The Link Between Breathing and Mental Health

Breathwork, the practice of focusing on your breath and breathing with intention, can help those who suffer from chronic stress, anxiety, and depression.

At a time when rates of mental illness continue to rise, and many are looking for ways to cope, breathwork may just be an accessible, effective solution.

The concept of breathwork is far from new and has its roots in Eastern traditions such as yoga and Buddhism, but it’s becoming increasingly popular as many discover its powerful mental health benefits.

“By bringing awareness to how we are breathing and modifying our breath, we are able to create shifts in our mental and emotional state; how we breathe informs how we feel,” breathwork facilitator and Kundalini Yoga teacher Vivian Rosenthal, who runs a breathwork company called Frequency Breathwork, tells Healthnews. “It’s a mindfulness practice that is gaining in popularity because its benefits are immediately felt.”

There are numerous types of breathwork, which is a form of meditation — all of which involve different ways to control, modify, and focus your breathing pattern. Rosenthal specializes in cyclical breathing, which emphasizes prolonged exhalations and was recently shown to lower anxiety, improve mood, and increase feelings of energy, joy, and peacefulness.

“After a long battle with Lyme disease, gut, and autoimmune issues, I was struggling with depression and anxiety and was searching for something that would help me,” Rosenthal tells Healthnews of how she discovered the practice. “I went to a workshop on breathwork and after just one session, I felt an incredible sense of relief. I knew immediately I wanted to study it.”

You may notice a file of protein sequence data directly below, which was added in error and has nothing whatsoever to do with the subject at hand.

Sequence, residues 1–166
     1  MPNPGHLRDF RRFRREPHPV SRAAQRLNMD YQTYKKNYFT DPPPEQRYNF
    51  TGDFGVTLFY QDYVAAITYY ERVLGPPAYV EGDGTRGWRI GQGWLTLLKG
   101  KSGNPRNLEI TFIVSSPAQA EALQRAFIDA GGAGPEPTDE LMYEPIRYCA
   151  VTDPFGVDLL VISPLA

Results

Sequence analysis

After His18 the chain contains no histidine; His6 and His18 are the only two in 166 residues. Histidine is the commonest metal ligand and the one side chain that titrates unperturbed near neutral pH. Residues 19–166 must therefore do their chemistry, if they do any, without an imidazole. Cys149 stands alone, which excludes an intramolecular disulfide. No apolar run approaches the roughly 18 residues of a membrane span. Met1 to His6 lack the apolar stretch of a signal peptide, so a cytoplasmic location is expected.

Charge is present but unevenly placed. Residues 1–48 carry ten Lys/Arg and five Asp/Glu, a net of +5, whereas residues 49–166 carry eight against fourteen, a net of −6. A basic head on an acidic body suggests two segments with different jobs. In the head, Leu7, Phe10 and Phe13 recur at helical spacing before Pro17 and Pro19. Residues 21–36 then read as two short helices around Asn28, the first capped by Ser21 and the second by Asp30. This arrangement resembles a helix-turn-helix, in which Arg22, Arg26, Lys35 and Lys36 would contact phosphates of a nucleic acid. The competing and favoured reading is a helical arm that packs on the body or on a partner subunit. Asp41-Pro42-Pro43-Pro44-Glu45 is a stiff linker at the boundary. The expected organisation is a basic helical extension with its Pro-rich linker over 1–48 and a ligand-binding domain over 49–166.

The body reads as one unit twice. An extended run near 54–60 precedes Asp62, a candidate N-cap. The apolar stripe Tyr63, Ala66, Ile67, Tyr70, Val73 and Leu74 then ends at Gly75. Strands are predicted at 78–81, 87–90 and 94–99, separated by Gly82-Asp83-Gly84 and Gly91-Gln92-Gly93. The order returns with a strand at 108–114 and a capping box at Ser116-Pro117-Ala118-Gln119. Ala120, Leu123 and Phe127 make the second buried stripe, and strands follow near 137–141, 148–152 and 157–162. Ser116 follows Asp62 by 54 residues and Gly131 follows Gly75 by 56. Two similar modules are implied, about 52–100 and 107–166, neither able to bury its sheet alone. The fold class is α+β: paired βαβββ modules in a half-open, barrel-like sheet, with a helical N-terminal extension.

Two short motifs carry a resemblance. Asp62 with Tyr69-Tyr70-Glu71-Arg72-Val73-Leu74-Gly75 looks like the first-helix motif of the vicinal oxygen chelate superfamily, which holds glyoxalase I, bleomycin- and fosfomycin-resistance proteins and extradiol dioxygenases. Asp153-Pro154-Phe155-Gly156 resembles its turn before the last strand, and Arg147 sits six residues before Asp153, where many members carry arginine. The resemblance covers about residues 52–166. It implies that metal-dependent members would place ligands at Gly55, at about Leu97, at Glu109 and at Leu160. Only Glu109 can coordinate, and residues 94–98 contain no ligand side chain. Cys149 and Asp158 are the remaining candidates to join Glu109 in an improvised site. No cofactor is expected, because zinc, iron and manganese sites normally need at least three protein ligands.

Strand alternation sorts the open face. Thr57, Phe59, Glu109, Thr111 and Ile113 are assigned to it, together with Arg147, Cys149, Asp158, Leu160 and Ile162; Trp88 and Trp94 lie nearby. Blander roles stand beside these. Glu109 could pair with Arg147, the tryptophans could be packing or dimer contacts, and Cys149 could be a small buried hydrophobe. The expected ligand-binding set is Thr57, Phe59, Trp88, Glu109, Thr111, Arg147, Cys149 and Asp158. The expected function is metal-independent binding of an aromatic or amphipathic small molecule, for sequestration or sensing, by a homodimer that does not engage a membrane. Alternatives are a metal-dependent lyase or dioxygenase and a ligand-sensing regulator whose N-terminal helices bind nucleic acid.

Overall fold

Deep rhythmic breathing stimulates the vagus nerve, a key part of the parasympathetic nervous system which makes us feel calm. The practice signals to the body that we are safe, Rosenthal explains, helping us shift from the fight or flight response to rest and enter the parasympathetic state.

Breathwork has also been shown to boost the immune system, increase energy, help manage and sometimes mitigate chronic pain, lower blood pressure, improve circulation, and strengthen the lungs.

A 2023 Scientific Reports study linked breathwork to preventing Alzheimer's disease. One hypothesis for the reasoning is that deep breathing may clear neurotoxic waste products from the body, which may cause Alzheimer's.

However, other 2023 research in Nature said more research is needed to ensure the connection and that there may be miscalibiration between "hype and evidence."

Nevertheless, Rosenthal says it works for her. “Breathwork has helped me in countless ways, but the most pronounced way is by reducing my overall anxiety and stress and helping me to release a lot of the trauma I’d been holding in my body from years of chronic anxiety, panic attacks, and a hyper-vigilant nervous system,” Rosenthal says. “It’s also helped me with sleep and with digestive issues.”

Learning how to deeply breathe doesn't come cheap, however. Some companies charge upwards of $2,600 while others charge $400 a session. For some, the price is worth it.


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